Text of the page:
An article on understanding Python keywords, identifiers, and variables

Time:2021-12-4
catalogue
  • preface
  • 1、 Python keyword
  • 2、 Python identifier
    • 2.1 guidelines for creating identifiers in Python
    • 2.2 test whether the identifier is valid
    • 2.3 best practices for identifier naming
  • 3、 Python variables
    • summary

      preface

      The purpose of this quick tutorial is to teach you about Python keywords, identifiers, and variables. These are the basic building blocks of Python programming. Therefore, you must know everything about them.

      The python keyword is a unique programming term designed to perform certain operations. There are up to 35 such keywords in Python, each with a different purpose. Together they built a vocabulary for the python language.

      They represent the syntax and structure of Python programs. Because they are reserved, you cannot use their names to define variables, classes, or functions.

      1、 Python keyword

      A keyword is a special word that is reserved and has a specific meaning. Python has a set of keywords that cannot be used as variables in programs.

      All keywords in Python are case sensitive. Therefore, you must be careful when using them in your code. We just captured a snapshot of possible Python keywords here.

      Displaying Python keywords using Python shell

      This is a long list that needs to be remembered at one time. We mention it here only to give you a preliminary understanding of the available keywords. However, we will cover each of them in the remaining tutorials. You don’t have to rush to remember them, but try to learn to use them step by step.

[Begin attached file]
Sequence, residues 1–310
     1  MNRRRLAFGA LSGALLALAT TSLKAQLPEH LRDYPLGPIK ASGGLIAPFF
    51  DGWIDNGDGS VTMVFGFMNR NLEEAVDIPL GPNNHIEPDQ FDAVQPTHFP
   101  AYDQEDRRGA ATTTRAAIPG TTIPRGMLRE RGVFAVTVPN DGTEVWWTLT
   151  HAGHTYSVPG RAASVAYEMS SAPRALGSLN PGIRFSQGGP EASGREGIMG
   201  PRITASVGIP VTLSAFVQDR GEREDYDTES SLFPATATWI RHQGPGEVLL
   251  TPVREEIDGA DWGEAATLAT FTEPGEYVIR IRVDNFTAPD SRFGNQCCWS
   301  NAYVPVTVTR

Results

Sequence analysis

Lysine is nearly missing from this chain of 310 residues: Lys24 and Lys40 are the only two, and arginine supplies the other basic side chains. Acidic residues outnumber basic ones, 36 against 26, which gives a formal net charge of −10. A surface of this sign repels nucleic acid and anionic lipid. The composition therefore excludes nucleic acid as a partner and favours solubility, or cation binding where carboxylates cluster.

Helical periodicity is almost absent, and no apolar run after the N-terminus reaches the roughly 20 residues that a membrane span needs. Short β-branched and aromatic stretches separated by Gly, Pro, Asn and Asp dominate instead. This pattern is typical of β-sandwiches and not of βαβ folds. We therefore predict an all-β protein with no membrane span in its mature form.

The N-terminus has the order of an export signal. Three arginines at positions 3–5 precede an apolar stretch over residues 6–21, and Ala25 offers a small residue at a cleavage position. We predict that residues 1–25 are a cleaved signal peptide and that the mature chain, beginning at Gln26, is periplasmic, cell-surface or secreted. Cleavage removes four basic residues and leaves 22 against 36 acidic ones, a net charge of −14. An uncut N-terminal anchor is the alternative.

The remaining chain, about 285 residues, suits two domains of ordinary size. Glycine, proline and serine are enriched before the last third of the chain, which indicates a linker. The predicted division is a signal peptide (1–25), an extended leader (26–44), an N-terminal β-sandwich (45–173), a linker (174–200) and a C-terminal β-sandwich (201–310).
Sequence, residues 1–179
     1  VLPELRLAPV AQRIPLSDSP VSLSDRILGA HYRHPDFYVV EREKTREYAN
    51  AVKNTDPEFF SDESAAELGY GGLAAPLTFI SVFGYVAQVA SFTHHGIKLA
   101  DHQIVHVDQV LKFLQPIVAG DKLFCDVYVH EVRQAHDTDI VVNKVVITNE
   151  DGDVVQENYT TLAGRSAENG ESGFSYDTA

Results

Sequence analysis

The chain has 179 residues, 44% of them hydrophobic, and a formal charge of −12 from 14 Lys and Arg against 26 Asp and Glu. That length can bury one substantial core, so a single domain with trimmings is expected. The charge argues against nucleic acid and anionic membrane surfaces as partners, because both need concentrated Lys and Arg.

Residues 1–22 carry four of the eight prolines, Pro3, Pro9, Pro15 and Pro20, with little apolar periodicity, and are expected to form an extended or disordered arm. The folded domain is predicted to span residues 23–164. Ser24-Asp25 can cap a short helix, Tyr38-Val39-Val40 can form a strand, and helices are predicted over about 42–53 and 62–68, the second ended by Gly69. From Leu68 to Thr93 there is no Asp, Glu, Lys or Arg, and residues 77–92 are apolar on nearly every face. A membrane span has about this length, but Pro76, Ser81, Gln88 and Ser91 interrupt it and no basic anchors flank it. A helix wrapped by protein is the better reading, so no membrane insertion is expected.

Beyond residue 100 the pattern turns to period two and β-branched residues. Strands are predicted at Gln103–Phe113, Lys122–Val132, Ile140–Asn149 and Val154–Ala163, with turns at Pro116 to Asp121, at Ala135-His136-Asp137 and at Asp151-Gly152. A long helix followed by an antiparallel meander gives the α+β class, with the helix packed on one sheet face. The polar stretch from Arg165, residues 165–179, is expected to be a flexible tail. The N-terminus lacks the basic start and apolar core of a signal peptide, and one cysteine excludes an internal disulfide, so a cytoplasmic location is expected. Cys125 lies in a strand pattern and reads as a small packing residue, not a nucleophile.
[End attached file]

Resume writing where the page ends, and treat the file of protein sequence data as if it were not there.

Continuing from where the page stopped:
Another thing you should note is that the list above may change. The language can get rid of some old keywords and introduce new keywords in future versions.
      Therefore, to get the latest list, you can open the python shell and run the following command, as shown in the following code snippet.

      
      >>> import keyword
      >>> keyword.kwlist
      ['False', 'None', 'True', 'and', 'as', 'assert', 'break', 'class', 'continue', 'def', 'del', 'elif', 'else', 'except', 'finally', 'for', 'from', 'global', 'if', 'import', 'in', 'is', 'lambda', 'nonlocal', 'not', 'or', 'pass', 'raise', 'return', 'try', 'while', 'with', 'yield']
      >>>
      

      2、 Python identifier

      A python identifier is a user-defined name that represents a variable, function, class, module, or any other object. If you assign some names to a programmable entity in Python, it is technically just called an identifier.